|US7497944||Mar 27, 2007||Mar 3, 2009||Caridianbct, Inc.||Blood component processing system, apparatus, and method|
|US7648452||Jul 3, 2008||Jan 19, 2010||CardianBCT, Inc.||Apparatus for blood component separation|
|US7648639||Dec 14, 2007||Jan 19, 2010||CaridianBCT, Inc||Method for separating a volume of composite liquid into at least two components|
|US7708889||Jan 26, 2009||May 4, 2010||Caridianbct, Inc.||Blood component processing system method|
|US7819793||Oct 26, 2010||Caridianbct, Inc.||Apparatus for separating a composite liquid into at least two components|
|US7833185||Apr 27, 2007||Nov 16, 2010||Caridianbct, Inc.||Apparatus for separating a volume of whole blood into at least three components|
|US7981019||Aug 14, 2006||Jul 19, 2011||Caridianbct, Inc.||Apparatus and method for separating a composite liquid into at least two components|
|US8057377||Aug 14, 2006||Nov 15, 2011||CaridianBCT, Inc||Apparatus and method for separating a composite liquid into at least two components|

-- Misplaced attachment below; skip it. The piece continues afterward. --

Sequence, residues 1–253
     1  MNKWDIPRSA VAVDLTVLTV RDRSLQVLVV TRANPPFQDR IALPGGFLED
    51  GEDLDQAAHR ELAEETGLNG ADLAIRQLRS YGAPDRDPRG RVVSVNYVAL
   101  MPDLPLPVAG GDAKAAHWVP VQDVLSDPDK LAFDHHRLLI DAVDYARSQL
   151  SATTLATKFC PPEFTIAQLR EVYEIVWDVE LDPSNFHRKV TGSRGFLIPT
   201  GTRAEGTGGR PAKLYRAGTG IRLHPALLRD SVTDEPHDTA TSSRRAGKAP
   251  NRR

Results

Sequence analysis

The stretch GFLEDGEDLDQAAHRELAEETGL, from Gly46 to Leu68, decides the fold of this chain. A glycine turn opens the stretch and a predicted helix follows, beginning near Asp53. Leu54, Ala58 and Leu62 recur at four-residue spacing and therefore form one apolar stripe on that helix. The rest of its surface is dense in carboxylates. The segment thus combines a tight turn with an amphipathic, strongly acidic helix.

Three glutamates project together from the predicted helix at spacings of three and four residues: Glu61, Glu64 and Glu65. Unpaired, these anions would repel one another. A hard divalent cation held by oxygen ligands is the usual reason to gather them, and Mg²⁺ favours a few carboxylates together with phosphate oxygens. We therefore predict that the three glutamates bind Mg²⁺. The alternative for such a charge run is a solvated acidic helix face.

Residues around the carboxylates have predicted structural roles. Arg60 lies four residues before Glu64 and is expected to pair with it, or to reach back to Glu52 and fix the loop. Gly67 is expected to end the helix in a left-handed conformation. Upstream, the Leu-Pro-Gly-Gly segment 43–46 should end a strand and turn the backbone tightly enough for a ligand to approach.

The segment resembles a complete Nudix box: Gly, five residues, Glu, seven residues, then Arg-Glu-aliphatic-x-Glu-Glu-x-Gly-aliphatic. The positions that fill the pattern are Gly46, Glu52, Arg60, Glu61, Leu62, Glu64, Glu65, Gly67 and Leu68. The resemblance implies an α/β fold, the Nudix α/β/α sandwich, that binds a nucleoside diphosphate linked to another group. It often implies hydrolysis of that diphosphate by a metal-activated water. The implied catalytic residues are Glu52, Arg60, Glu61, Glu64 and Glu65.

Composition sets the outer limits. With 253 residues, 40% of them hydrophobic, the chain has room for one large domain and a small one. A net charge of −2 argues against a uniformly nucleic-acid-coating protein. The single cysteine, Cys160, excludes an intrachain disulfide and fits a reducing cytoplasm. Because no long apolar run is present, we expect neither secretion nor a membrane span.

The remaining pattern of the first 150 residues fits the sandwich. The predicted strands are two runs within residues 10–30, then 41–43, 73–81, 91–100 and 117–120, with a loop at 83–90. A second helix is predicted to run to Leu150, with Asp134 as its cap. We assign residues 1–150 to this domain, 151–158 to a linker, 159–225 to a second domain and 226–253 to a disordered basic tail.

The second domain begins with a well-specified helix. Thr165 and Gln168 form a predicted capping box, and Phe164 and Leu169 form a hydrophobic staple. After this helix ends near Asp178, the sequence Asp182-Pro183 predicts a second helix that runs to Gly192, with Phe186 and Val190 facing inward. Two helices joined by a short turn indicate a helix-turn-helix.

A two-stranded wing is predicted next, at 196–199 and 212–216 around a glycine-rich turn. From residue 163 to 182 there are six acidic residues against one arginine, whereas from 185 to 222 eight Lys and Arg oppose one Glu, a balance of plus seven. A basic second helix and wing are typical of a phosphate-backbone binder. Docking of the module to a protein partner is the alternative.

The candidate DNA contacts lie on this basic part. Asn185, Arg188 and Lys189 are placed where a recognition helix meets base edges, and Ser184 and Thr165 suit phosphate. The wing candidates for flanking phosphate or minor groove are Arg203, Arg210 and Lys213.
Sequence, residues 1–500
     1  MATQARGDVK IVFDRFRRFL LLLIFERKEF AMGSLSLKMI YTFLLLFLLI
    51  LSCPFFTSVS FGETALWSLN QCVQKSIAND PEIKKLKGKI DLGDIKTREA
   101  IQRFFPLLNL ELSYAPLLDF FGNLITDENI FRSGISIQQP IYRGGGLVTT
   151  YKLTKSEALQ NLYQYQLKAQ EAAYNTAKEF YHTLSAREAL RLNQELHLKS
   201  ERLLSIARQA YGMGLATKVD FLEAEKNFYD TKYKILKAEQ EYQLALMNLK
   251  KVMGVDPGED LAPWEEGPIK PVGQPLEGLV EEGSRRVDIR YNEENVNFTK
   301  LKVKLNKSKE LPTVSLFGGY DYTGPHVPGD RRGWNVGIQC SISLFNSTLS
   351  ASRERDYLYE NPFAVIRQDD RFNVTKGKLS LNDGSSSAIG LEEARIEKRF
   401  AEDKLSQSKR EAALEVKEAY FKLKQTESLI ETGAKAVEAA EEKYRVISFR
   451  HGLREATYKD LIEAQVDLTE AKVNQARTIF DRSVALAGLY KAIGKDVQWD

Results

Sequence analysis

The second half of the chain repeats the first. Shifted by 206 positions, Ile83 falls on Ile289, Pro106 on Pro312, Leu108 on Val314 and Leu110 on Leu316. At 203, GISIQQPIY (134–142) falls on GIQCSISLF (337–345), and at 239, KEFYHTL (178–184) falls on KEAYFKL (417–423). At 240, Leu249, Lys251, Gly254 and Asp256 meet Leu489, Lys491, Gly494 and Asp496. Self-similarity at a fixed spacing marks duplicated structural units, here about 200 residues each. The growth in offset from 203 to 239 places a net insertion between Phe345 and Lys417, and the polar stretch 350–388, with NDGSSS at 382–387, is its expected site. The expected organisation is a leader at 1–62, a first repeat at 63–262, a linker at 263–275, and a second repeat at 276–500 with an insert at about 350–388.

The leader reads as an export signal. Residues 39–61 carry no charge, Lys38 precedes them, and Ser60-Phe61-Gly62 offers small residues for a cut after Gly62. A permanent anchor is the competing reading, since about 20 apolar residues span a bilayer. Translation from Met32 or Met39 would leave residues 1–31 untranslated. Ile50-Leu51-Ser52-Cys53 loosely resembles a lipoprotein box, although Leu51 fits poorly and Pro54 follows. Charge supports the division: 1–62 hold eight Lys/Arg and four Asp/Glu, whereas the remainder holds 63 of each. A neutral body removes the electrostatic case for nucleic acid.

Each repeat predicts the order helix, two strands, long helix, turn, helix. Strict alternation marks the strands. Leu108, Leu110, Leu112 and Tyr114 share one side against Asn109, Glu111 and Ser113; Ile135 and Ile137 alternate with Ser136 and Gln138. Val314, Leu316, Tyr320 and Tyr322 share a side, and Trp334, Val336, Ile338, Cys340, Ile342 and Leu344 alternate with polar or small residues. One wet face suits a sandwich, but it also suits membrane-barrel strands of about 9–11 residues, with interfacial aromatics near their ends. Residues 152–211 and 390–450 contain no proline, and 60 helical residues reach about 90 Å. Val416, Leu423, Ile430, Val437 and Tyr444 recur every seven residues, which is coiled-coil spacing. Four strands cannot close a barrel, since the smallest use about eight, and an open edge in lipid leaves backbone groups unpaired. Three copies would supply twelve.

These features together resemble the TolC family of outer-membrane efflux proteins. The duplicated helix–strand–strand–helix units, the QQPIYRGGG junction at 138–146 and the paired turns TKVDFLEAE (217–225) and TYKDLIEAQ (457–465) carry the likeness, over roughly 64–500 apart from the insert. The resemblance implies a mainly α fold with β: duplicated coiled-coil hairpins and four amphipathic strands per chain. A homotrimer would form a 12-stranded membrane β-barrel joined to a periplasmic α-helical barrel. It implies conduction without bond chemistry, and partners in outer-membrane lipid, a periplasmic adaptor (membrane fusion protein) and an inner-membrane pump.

|US8120760||Jun 30, 2009||Feb 21, 2012||Caridianbct, Inc.||Method and apparatus for separating a composite liquid into at least two components and for determining the yield of at least one component|
|US8173027||Aug 28, 2007||May 8, 2012||Terumo Bct, Inc.||Method of separating a composite liquid into at least two components|
|US8236184||Oct 31, 2007||Aug 7, 2012||Terumo Bct, Inc.||Method for separating a composite liquid into at least two components|
|US8277406||Oct 2, 2012||Terumo Bct, Inc.||Method for separating a volume of whole blood into at least three components|
|US8287742||Dec 5, 2007||Oct 16, 2012||Terumo Bct, Inc.||Method for separating a composite liquid into at least two components|
|US8986238||Aug 14, 2013||Mar 24, 2015||Cyclone Medtech, Inc.||Systems and methods for salvaging red blood cells for autotransfusion|
|US9028388||May 6, 2011||May 12, 2015||Terumo Bct, Inc.||Multi-unit blood processor with volume prediction|
|US9079194||Jul 18, 2011||Jul 14, 2015||Terumo Bct, Inc.||Centrifuge for processing blood and blood components|
|US20040104182 *||Aug 25, 2003||Jun 3, 2004||Gambro, Inc.||Methods and apparatuses for blood component separation|
|US20040147387 *||Jan 16, 2004||Jul 29, 2004||Gambro, Inc.||Centrifuge and container system for treatment of blood and blood components|